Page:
Each edition concentrates on one specific theme under international environmental law. Through interactive lectures, workshops, and excursions, the course equips participants with basic skills in international environmental law-making, diplomacy and negotiations related to that specific thematic area. It is intended for experienced government officials engaged in international environmental negotiations, but other stakeholders (such as representatives of NGOs and the private sector, researchers and academics in the field of international environmental law) are also eligible.
I am honoured of this opportunity to work with the University of Eastern Finland and UN Environment. This collaboration will further EULawSD’s objective of establishing new partnerships and networks focused on the teaching and study of international and European law for sustainable development. I wish to express my gratitude to the Finnish colleagues for giving EULawSD this high-profile opportunity for expanding its activities and worldwide impact.
In order to learn more about the course and apply, visit https://www.uef.fi/en/web/unep.
In this era of mass extinction, international biodiversity law is at a crossroads. As the debate on a post-2020 global biodiversity framework intensifies, calls are growing for the Convention on Biological Diversity to set an ambitious overarching goal to fight biodiversity loss and find innovative ways to link such a goal with national targets and commitments.
In a two-part blog post just published on EJIL:Talk!, the blog of the European Journal of International Law, I argue that the planetary boundary framework first developed in 2009 by the Stockholm Resilience Centre could represent an important tool in this quest to identify more substantive legal obligations applying to biodiversity within national jurisdiction. In addition, I suggest four ways in which the planetary boundary for biosphere integrity could be incorporated in international biodiversity law, ranging from institutional arrangements within the Intergovernmental Panel on Biodiversity and Ecosystem Services (IPBES) to normative developments at the level of emerging principles of international law.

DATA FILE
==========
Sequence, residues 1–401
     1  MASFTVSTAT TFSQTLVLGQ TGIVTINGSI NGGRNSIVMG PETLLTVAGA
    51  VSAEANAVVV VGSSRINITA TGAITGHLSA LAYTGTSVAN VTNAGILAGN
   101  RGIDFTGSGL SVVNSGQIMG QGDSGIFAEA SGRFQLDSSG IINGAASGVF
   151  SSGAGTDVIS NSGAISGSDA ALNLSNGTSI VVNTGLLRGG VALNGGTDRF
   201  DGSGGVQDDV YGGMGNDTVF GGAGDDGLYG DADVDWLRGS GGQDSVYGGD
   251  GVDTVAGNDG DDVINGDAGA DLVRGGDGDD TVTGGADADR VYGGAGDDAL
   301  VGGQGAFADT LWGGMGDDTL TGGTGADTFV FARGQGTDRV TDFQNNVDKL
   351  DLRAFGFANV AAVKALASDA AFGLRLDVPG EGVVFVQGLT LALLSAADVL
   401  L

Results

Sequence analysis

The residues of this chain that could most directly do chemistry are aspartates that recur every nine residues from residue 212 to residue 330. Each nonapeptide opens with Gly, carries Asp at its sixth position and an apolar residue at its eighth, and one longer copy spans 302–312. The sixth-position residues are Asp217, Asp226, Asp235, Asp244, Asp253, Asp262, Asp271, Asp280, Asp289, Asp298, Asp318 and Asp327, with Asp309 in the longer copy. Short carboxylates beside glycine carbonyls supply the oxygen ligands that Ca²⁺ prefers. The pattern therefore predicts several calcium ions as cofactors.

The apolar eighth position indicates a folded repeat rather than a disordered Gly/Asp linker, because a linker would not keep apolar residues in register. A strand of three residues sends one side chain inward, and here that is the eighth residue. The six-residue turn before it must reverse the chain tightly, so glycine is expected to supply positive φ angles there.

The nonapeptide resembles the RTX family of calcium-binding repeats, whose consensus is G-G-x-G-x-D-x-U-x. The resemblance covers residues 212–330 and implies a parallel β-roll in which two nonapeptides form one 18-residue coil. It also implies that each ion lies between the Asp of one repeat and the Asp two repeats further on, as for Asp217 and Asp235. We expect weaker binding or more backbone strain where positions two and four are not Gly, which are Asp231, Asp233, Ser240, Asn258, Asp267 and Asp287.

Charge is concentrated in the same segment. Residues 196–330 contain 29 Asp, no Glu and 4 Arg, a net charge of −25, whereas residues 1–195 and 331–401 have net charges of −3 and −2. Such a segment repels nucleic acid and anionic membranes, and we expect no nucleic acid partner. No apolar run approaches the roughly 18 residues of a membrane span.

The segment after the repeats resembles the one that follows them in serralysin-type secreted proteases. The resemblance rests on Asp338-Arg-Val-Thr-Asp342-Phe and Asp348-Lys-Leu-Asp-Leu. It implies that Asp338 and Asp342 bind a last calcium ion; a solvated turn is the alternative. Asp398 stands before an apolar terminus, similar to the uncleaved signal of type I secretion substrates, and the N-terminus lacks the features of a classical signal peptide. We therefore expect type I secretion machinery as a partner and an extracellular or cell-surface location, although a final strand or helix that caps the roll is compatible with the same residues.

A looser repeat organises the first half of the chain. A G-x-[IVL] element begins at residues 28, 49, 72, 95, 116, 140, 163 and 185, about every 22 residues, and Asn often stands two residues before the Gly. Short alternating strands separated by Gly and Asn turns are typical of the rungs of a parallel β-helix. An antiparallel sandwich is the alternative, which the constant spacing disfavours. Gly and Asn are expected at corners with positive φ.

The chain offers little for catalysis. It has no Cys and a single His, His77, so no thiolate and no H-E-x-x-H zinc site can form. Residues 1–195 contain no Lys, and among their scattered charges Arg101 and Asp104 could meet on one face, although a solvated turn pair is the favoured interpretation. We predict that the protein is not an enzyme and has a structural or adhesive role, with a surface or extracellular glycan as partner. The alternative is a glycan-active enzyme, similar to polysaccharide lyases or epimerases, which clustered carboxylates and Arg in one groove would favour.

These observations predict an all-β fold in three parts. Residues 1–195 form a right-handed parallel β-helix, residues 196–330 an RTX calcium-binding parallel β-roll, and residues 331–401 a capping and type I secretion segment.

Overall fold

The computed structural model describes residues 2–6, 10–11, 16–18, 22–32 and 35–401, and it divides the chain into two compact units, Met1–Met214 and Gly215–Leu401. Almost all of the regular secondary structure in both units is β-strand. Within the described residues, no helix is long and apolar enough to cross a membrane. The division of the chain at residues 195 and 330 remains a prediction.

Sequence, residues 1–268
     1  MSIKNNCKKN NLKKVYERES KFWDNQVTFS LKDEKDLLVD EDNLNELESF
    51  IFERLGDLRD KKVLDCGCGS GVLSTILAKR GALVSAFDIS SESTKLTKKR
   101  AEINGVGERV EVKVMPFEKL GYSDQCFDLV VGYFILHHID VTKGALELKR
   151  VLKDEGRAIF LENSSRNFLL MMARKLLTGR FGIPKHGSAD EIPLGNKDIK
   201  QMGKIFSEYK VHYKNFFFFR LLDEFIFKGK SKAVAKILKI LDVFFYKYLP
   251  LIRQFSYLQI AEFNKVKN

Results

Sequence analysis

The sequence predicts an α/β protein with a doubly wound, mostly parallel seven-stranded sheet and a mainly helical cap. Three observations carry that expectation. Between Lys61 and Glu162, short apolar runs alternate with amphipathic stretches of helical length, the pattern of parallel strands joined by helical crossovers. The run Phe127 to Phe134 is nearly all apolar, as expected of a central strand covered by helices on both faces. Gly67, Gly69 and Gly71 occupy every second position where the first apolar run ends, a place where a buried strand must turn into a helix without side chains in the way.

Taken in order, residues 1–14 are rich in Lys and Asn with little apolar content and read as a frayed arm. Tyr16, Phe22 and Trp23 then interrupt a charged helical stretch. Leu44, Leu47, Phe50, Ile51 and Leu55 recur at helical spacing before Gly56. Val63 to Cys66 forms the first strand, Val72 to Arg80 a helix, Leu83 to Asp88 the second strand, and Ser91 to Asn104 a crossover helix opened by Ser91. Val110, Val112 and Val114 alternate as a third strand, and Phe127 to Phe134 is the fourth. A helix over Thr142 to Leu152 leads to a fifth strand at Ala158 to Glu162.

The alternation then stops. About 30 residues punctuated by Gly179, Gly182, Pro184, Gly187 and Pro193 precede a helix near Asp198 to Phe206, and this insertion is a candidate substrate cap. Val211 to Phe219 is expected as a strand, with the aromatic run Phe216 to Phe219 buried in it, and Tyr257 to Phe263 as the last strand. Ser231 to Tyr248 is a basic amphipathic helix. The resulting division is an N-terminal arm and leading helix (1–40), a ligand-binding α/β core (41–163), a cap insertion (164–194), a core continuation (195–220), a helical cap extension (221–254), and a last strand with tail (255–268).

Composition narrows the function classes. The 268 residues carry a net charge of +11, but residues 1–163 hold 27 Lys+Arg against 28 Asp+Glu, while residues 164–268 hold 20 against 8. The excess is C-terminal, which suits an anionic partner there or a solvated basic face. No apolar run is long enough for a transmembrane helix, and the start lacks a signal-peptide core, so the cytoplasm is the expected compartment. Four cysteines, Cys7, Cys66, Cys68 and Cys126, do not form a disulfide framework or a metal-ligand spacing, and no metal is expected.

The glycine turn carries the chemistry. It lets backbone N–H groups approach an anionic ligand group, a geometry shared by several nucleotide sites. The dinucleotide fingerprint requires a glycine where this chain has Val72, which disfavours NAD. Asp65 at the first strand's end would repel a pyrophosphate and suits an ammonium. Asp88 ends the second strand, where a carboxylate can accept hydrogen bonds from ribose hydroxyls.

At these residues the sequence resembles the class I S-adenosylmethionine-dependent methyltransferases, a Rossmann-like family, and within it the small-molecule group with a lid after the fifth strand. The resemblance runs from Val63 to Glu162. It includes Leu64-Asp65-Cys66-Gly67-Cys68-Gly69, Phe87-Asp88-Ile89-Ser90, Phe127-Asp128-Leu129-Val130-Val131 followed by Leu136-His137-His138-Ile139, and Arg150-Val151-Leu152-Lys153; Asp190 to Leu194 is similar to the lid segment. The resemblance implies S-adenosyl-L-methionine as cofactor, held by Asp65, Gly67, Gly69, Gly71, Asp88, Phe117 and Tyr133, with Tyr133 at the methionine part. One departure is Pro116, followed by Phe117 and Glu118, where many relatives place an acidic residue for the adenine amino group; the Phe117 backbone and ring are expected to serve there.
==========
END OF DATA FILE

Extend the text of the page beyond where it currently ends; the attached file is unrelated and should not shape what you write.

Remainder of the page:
On March 1st, in my position of Programme Manager for the the Jean Monnet Module on European Union Law and Sustainable Development (EULawSD), I had the pleasure of hosting the first session of our EULawSD Webinar Series 2018 on YouTube.
The EULawSD Webinar Series complements the activities of the EULawSD Jean Monnet Module, which is coordinated by Prof. Riccardo Pavoni (Department of Law, University of Siena) and co-funded by the European Commission for the period 2017-2020. Each webinar is aimed at fostering a lively public debate on the role of the European Union as a key actor in the achievement of the 2030 Agenda for Sustainable Development, and offers all interested citizens the opportunity to engage with leading experts and practitioners in the fields of European Union law and governance, sustainability science, international economics, and many more.
EULawSD’s first guest was Dr. Guido Schmidt-Traub, Executive Director of the UN Sustainable Development Solutions Network (SDSN). One of the world’s leading experts on the Sustainable Development Goals (SDGs) and the 2030 Agenda, Dr. Schmidt-Traub engaged with the audience to discuss the current trends and scenarios for their implementation in the European context, the challenges of financing and monitoring of progress, and the role that the European Union can play in the achieving sustainable development in third countries. I wish to thank him deeply for his participation in the webinar, which can be watched on EULawSD’s YouTube Channel.
For more information on the future project activities of the EULawSD Module, visit http://www.eulawsd.org.